Members of the FDA Advisory Committee subsequently described their opinions on the trials in a JAMA viewpoint. While they believe that the sponsor of aducanumab deserves recognition for the attempt to address a disease that poses a significant disease burden, there is no strong evidence that aducanumab would be effective in lightening the burden of Alzheimer’s Disease.
Independent CMS Review: Coverage With Evidence Development
CMS and the FDA play different and potentially complementary roles in drug approval, access, and coverage. FDA approval focuses on determining “reasonable assurance of safety and effectiveness for the drug or biologic” whereas CMS must consider whether an item or service is “reasonable and necessary” for insurance coverage and payment purposes. FDA approval does not (and should not) translate into automatic CMS coverage; indeed, the fundamental questions for each agency are fairly distinct.
Unlike FDA approval, Medicare NCD decisions are not an all or nothing proposition. In addition to deciding to cover or not cover a drug or biologic, CMS can either limit coverage or delay a full coverage determination following collection of more evidence. This latter “Coverage with Evidence Development” or “CED” option allows for Medicare coverage of a service only for those participating in a CMS-approved clinical trial, study, or registry aimed at collecting more information to guide broader coverage approval decisions. This is an important, but underutilized CMS coverage tool that could be important in the context of aducanumab, particularly given the controversy surrounding the ad hoc analysis of the clinical trial data.
Lessons From The ‘CART-T’ Process
The recent Medicare NCD process for the blockbuster cancer therapies known as chimeric antigen receptor T-cell therapy, or “CAR-T,” shed some light on how CMS review could proceed for aducanumab. In 2017, Kymriah (made by Novartis) and Yescarta (made by Kite Pharma/Gilead) became the first CAR-T drugs approved by the FDA and were priced at $475,000 and $373,000 respectively for a one-time treatment. Both were approved with Risk Evaluation and Mitigation Strategies, a patient safety mechanism the FDA uses to monitor approved drugs and biologics. Specifically, FDA required special certification for health care facilities to recognize and mitigate the risks of cytokine release syndrome and neurological toxicities. The FDA also required companies to further evaluate the long-term safety of the two products through post-marketing observational studies.
CMS received a formal request for a NCD from UnitedHealthcare, which administers Medicare Advantage plans. The impetus for the request was a concern that, given the high cost of CAR-T therapies, unless there was an NCD there would likely be variation in local coverage decisions as well as Medicare Advantage decisions. The request cited the complexity of the therapy, the potential for severe side effects, and the high cost of the therapy as factors that necessitated an NCD.
CMS convened a Medicare Coverage Advisory Committee (MEDCAC), an expert panel tasked with reviewing evidence and advising CMS on coverage decisions. The MEDCAC panel was specifically asked to review evidence on how patient-reported outcomes are assessed in clinical trials and which patient-reported outcome tools were most beneficial. The panel also assessed clinical effectiveness evidence and public testimony.
At the heart of the CAR-T NCD analysis was whether CAR-T could be provided safely to the Medicare population given the dangerous side effects. CMS paused on this question in its draft decision memo, not outright denying coverage for CAR-T, but proposing coverage of CAR-T with a CED requirement. CMS asserted additional collection of evidence for CAR-T was needed to “deepen CMS’s understanding of how patients in Medicare respond to it, so the agency can ensure that it is paying for CAR T-cell therapy for cases in which the benefits outweigh the risks.” The draft NCD for CAR-T outlined conditions of participation for healthcare facilities and limited coverage to those who participated in a CMS-approved registry or clinical study, in which patients would be monitored for at least two years post-treatment.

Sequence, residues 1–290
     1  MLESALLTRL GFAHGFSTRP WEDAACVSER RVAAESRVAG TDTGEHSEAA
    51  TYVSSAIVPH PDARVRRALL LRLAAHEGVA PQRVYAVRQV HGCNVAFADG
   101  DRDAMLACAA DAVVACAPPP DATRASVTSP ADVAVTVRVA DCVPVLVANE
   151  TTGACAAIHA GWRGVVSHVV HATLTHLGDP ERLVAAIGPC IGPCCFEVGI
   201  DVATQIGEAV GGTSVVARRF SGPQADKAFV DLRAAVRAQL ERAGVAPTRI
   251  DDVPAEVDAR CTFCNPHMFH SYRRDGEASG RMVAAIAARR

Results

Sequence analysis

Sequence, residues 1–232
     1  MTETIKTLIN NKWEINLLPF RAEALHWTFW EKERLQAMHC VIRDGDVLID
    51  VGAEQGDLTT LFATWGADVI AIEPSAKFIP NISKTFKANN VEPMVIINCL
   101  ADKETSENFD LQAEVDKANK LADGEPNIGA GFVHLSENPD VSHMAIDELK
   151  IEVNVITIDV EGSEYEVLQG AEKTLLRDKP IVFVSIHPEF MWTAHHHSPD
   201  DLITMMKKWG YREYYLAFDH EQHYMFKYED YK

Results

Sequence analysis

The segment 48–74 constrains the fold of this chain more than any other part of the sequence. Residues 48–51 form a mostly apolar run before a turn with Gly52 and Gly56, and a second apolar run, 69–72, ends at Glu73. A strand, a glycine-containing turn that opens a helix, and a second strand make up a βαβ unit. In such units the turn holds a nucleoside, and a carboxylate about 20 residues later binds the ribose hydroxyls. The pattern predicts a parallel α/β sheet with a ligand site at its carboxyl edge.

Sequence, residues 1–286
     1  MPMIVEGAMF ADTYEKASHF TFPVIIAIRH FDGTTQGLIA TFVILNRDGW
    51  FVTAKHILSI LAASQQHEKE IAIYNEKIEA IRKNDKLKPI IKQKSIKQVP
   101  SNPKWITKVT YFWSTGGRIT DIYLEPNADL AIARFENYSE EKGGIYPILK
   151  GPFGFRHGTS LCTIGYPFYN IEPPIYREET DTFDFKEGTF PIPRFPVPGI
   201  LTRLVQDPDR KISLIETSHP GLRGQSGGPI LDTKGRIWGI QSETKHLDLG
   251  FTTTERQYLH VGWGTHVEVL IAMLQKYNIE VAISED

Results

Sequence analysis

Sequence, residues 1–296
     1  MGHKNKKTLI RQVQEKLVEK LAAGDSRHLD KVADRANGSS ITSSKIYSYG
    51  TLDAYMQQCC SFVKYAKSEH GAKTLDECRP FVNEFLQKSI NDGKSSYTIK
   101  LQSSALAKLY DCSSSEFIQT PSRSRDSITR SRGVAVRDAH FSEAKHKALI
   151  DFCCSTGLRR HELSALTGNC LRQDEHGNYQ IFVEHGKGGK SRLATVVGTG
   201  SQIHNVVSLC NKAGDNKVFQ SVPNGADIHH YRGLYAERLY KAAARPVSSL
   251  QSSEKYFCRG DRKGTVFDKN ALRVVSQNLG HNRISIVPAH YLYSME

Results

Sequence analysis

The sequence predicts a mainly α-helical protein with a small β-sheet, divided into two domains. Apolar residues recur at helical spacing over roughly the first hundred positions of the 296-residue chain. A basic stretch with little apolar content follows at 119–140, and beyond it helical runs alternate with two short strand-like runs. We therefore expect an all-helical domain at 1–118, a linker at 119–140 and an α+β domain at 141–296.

Following vociferous opposition from industry groups, CMS ultimately removed the CED requirement in its final NCD decision for CAR-T. However, the process here is still instructive. CMS has the ability to tailor its inquiry to weak points in clinical trial data, particularly gaps in real world implications for Medicare beneficiaries. In aducanumab’s case, CMS could use the NCD process and MEDCAC to tailor its inquiry to open questions posed by clinical trial data gaps, including how the “goldilocks” patients would be identified for aducanumab; how potential side effects would be monitored and avoided; and what threshold of efficacy, and for what segment of the population, would meet the CMS test of “reasonable and necessary.”
CMS should preemptively generate an internal request for an NCD regarding aducanumab to best protect Medicare beneficiaries from receiving a therapy where the risks likely outweigh the benefits. Given the public attention to aducanumab and the proportion of Medicare beneficiaries who could be eligible for treatment, a clear, evidence-based policy would protect beneficiaries and taxpayers and avoid differential policies across the nation when aducanumab launches.
The internally generated NCD policy route would have several advantages. First, it would allow CMS to undergo a transparent and public process to review the evidence base and determine the benefits of aducanumab coverage for beneficiaries. This transparency would be especially important in light of the controversy surrounding FDA approval for aducanumab and differing views in the scientific community about how clinical trial data was interpreted. Second, the NCD process would allow for more targeted review of the evidence through a slightly different statutory lens than FDA approval and could reveal gaps in knowledge and areas where more research and data re needed. And third, an NCD would set a national standard for coverage, avoiding differing access and local coverage decisions across Medicare Administrative Contractors and Medicare Advantage products.
Patients with Alzheimer’s Disease and their families are clamoring for, and deserve, effective treatments. Yet we must not let this push for treatment lead to unnecessary prescribing of a drug that hardly works and overly harms. CMS has a clear path to limit aducanumab usage to only the most appropriate cases, and, should aducanumab be approved, it should not hesitate to use this authority.